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In the first of two columns, Steve deconstructs and reviews James Cameron’s “Aliens,” the first sequel in what proved to be a profitable franchise. What’s he got to say? Read it and find out!
Steve likes musical theatre. Steve watched Shrek the Musical. Did Steve like it? Read it and find out. Also, William Gibson writes an illustrated Alien 3 with Johnnie Christmas
Steve's second Halloween column this month, in which he tries to do teeny-tiny reviews of 27 movies. Let us know if he succeeds or falls flat on his face.
Two new anthologies promise lots of great science fiction romance fun.
Imagine George Lucas at the Pearly Gates: would he get into heaven because of his contribution to science fiction, or would he be cast down?
Stand on your head! This week, Steve looks at two Australian video imports: one a film and one a TV series. Look for the series on Netflix soon!
Of course there have been pets in science fiction shows, comics and novels for decades – Krypto in Superman, Muffit the Daggit in Battlestar Galactica,...
You think Star Wars ruined the possibility for "legitimate science fiction" to appear on the big screen? Darren Slade suggests that you think again.
The first use of a computer assisted visual element in a major motion picture happened in 1973 with the movie Westworld.
It's cast iron stomach time as Mr. Jackson related a recent medical adventure to some SF scenes we'd probably like to forget.
They're here! Or They're Back! Steve asks the movie review question: "WHY?"
Steve returns with two reviews: a film and a TV pilot. The film's a good one; the pilot not so much. See what you think!
Who wouldn't be discombobulated, finding oneself expelled from suspended animation amid the remains of a starship scattered across an alien world?
Sometimes the medium the message is delivered through can drastically alter the experience.
It seems that all good fantasy artists head for Hollywood
Steve stomps on several sucky SF/F movies. All had good actors; should have been better.
G. J. Koch (aka Gini Koch) takes readers on a fast-paced, space opera romp, filled with pirates, derring-do, donkeys, sewage, and, well... boobs.
An overview of the British Film Institute's Classic Film Series for science fiction, from Palgrave/MacMillan
Another War is an early novella, published in the UK by Telos Publishing in 2005, by the British writer Simon Morden, who has since come to prominence with the Philip K. Dick Award-winning Metrozone series. It is a fast-paced horror story paying homage to HP Lovecraft, William Hope Hodgson, Quatermass, and even UNIT from Doctor Who.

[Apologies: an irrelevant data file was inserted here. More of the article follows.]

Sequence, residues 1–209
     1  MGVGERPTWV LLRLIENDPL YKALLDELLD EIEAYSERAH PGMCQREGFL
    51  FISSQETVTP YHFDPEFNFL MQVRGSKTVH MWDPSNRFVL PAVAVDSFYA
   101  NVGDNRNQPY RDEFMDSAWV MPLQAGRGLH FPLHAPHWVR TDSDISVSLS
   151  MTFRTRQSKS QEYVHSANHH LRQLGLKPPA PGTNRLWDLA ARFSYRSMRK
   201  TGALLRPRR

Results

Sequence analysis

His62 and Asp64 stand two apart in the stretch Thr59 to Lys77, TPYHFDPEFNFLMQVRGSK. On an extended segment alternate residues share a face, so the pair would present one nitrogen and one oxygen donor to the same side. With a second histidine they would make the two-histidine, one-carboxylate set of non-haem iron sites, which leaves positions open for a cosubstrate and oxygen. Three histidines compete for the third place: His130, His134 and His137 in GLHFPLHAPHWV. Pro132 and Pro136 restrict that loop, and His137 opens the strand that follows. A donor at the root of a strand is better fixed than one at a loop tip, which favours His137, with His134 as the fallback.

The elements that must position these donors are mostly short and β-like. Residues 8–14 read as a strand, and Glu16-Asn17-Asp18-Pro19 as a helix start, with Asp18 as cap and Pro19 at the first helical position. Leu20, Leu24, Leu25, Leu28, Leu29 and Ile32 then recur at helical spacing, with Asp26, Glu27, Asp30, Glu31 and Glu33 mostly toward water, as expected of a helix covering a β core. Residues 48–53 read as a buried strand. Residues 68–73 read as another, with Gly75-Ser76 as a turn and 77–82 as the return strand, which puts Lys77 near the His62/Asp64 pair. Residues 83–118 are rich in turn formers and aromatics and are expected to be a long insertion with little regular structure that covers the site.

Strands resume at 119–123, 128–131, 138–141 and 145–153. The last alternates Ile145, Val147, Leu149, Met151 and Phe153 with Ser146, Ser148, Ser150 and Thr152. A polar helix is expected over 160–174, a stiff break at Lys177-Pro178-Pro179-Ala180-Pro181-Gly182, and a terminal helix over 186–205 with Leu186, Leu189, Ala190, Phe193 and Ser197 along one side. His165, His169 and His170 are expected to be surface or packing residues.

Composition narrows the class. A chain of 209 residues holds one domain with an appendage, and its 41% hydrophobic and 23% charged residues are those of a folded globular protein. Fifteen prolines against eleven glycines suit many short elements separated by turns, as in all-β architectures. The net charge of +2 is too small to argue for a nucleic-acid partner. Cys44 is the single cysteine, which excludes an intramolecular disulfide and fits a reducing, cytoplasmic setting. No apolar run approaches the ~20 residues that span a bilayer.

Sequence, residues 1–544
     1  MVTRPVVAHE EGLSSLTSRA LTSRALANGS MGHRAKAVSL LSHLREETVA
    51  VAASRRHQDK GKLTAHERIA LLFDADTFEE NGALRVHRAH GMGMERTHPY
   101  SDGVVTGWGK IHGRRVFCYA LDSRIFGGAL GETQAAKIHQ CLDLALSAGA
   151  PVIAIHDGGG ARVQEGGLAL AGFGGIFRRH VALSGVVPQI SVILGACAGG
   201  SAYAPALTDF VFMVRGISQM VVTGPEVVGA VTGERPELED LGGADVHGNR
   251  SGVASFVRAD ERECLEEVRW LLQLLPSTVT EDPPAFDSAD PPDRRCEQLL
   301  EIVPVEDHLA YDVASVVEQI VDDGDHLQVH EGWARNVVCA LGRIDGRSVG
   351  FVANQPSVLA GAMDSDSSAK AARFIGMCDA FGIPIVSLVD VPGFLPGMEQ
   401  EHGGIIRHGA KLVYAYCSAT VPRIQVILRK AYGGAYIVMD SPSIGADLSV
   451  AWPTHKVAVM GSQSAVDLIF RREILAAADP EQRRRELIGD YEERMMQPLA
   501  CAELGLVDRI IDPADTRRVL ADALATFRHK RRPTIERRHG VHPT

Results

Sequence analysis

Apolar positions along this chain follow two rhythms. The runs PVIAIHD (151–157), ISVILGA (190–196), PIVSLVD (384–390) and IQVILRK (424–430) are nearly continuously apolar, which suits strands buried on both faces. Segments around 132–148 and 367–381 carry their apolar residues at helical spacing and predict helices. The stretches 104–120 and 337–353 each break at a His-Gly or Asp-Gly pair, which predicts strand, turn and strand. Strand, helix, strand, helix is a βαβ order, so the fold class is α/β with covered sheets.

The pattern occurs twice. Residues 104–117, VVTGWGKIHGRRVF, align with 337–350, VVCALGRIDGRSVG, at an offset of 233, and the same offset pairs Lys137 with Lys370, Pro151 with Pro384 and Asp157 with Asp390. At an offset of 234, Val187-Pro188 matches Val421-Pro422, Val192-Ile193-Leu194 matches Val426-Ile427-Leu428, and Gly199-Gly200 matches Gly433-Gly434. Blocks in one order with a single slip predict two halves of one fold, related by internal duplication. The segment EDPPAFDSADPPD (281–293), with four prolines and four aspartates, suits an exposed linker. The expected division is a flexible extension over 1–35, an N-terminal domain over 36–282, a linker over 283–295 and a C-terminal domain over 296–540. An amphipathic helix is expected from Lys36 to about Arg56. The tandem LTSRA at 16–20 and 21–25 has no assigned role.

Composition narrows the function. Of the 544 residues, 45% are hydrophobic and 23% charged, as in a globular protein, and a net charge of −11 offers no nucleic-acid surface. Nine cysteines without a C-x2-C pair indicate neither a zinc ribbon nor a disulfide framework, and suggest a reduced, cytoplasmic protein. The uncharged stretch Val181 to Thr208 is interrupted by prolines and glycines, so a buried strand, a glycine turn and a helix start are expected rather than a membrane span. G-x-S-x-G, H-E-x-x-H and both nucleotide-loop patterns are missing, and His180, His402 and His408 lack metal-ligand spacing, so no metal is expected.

Portland is putting its horror on
Titan Books brings us the movie novelizations of all three books written by Alan Dean Foster in the original Alien saga. This powerful trio exemplifies why Foster is the master of movie novels.
A list of the top ten greatest spaceships of all time, following some rules, of course.
Quatermass II is a rare sequel that is an improvement over the original in every respect.
How long after is too long? Returning to a great original is fraught with difficulties at any time, but the more time goes by, the more the problems compound.
Very few artists have had as big an influence on horror illustration and on the look of horror films as had Swiss artist H.R. Giger.
Imaginings Volume: 6 - Feast and Famine is a collection of ten short stories by the British writer Adrian Tchaikovsky, best known for the nine-volume (and counting) fantasy series, Shadows of the Apt, published by Tor.
I saw the visually stunning movie Gravity last week and overall enjoyed it very much.
Grabbers has been dismissed in some quarters for not doing anything original. Well most films don’t do anything original, and Grabbers does achieve a couple of things I’ve never seen before.
What the heck is a “slanshack”?
Another summer of cinematic wilderness is drawing to a close and I owe you all a big apology. Why? Because I am responsible for the terrible state of mainstream American cinema today.
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